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 Buy-to-let In New Boost 
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Joined: Mon Sep 13, 2010 1:47 pm
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Post Buy-to-let In New Boost
by: Jim Barnaby

It has been said often enough in recent times that buy-to-let has two notable characteristics at present. One of these is that there is a determination on the part of most investors to make their investment a long-term one, eschewing the notion of making a quick profit and seeking instead to enjoy the long-term gains the industry can bring.

Secondly, there is perhaps a shorter-term aspect where demand for letting and the increase in rents have both risen rapidly, making possible higher returns and ensuring properties do not lie idle for lack of willing tenants.

These two factors are, of course, two sides of the same coin. Both reflect the state of the residential property industry at this point. With the credit crunch seeing mortgage choice reduced and the uncertainty that has gone with it also slowing the market, house prices have ceased to rise in the way they have been doing for the last few years, meaning that the short-term option of investing, letting for a while and then selling the property at a profit is no longer viable.

Yet at the same time this slower market has led to the increase in demand from people who would otherwise be looking to get out of rental accommodation and onto the housing ladder, were it not for the loss of high loan-to-value (LTV) mortgages, tighter lending criteria and higher deposits.

Such, it appears, is the case with the latest news about the level of demand for buy-to-let. Research by letting agent Your Move has shown that the number of leases starting in January and February this year was 21 per cent higher than in the same two months of 2007.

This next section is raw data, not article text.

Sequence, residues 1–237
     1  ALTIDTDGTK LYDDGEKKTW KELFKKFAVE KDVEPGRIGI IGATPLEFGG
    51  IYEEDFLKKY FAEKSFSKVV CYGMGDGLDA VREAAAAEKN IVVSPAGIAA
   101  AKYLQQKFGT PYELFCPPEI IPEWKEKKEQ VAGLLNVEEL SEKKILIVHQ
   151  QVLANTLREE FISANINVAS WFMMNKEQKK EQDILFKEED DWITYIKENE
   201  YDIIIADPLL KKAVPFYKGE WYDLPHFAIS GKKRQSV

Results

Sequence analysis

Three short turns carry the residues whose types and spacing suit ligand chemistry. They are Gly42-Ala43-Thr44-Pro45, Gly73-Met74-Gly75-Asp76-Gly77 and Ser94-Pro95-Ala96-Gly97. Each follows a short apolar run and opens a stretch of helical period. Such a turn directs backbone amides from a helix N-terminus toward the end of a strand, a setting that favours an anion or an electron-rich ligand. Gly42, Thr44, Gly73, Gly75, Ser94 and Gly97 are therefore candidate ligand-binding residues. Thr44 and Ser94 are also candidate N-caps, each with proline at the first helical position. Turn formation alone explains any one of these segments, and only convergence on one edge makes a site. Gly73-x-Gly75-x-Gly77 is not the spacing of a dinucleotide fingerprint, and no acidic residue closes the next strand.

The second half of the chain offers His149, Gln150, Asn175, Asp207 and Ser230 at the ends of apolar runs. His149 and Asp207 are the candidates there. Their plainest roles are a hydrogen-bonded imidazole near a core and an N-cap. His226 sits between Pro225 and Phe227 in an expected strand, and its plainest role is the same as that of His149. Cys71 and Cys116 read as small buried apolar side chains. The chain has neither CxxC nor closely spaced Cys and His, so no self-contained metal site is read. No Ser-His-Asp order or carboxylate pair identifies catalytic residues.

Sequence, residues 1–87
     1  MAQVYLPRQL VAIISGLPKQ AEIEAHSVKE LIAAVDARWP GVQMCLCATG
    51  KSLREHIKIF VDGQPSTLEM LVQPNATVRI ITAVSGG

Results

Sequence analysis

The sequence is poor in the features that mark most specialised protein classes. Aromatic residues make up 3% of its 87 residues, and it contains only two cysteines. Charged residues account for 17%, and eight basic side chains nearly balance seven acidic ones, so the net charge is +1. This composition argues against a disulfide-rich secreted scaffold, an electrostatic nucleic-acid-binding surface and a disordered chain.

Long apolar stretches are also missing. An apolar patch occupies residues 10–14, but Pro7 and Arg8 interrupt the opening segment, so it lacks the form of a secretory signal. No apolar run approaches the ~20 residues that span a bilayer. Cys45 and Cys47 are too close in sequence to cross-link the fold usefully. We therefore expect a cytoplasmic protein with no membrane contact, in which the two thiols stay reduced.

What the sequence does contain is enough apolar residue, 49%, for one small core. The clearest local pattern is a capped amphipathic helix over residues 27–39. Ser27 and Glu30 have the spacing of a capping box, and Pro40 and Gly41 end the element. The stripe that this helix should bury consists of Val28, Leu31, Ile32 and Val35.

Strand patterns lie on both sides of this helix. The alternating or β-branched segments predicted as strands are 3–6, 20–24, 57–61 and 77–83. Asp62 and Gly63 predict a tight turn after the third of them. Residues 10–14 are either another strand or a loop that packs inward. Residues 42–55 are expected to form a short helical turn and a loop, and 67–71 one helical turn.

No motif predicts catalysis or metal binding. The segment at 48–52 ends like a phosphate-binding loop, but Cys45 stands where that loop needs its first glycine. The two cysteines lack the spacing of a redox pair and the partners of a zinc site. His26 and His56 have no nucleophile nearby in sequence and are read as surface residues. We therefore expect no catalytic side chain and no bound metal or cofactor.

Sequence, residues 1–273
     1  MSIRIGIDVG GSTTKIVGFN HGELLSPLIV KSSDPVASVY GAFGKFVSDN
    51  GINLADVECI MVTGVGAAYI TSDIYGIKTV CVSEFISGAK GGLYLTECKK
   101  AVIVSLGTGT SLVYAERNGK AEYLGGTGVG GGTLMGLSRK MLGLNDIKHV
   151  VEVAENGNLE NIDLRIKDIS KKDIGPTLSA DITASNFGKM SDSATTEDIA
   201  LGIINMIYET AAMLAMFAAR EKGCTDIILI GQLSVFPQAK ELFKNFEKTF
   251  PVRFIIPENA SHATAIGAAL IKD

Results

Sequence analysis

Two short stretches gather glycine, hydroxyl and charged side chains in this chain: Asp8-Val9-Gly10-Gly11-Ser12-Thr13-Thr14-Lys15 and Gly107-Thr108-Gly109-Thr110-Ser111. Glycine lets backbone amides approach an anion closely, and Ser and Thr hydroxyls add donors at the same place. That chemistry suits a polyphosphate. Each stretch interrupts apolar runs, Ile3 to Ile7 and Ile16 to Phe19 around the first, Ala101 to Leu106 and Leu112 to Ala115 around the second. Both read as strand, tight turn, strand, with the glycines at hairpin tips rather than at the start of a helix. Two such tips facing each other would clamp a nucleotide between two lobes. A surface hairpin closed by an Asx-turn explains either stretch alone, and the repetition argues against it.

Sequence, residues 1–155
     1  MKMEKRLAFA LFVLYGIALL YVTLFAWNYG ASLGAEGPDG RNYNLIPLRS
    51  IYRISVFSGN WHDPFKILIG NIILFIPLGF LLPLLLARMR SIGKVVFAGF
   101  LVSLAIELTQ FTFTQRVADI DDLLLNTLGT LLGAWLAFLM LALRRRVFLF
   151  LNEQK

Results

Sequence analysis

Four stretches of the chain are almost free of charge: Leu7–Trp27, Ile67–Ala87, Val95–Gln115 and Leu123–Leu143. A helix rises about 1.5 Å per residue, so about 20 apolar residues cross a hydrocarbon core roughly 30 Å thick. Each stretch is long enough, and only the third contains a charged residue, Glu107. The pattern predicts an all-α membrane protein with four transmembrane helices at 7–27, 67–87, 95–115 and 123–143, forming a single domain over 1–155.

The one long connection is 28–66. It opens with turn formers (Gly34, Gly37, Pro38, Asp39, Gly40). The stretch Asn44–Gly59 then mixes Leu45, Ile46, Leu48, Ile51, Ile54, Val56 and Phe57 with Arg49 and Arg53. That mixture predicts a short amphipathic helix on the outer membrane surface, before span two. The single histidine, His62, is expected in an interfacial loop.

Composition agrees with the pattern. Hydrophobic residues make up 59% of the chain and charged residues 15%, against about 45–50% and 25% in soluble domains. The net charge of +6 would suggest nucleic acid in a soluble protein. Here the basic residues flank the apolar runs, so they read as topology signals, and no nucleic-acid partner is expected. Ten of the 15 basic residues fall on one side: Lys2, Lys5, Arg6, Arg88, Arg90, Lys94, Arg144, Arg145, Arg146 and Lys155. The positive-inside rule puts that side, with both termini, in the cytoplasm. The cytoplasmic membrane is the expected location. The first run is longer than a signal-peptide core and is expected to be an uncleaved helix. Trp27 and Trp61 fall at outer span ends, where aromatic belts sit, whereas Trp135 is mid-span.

Reflecting on this, managing director David Newnes had no doubt about the reasons for the trend, stating: "First-time buyers with little or no deposit are finding it virtually impossible to secure high LTV mortgages - the days of 125 per cent mortgage are long gone. But frustrated wannabe first time buyers still need a roof over their heads - and buy-to-let is filling the gap."

As a consequence, he added: "The private rented sector is the out-and-out beneficiary of the liquidity squeeze."

With such figures emerging, it is small wonder that buy-to-let appears alive and well, particularly among those looking to invest for the long term. Last week the Times' expert on the subject, Paula Hawkins, advised that the minimum term to which investors should commit themselves is seven years. But given the opportunities that a slower housing market as a whole provides - even if this may change through the course of 2008 as interest rates come down and the effects of the credit crunch gradually wear off - the attractions of being in the market for a long time are clear.

In today's world Property investment is an excellent investment option especially investment in UK

About The Author
Jim Barnaby is a real estate investment broker and successful property investment adviser delivering research and selected UK and overseas property investment solutions with experience in spanish properties, french property investment, German property, Cyprus holiday homes, Property in Cape Verde, German property investment, cape verde property buy to let property


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Mon Dec 15, 2008 4:48 pm
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